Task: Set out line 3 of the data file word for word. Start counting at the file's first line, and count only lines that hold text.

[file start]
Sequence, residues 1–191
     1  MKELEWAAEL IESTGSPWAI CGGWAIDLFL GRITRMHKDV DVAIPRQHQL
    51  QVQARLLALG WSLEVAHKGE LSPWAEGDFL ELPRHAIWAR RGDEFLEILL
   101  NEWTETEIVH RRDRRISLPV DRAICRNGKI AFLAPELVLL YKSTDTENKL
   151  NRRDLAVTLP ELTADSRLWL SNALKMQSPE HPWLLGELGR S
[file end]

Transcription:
    51  QVQARLLALG WSLEVAHKGE LSPWAEGDFL ELPRHAIWAR RGDEFLEILL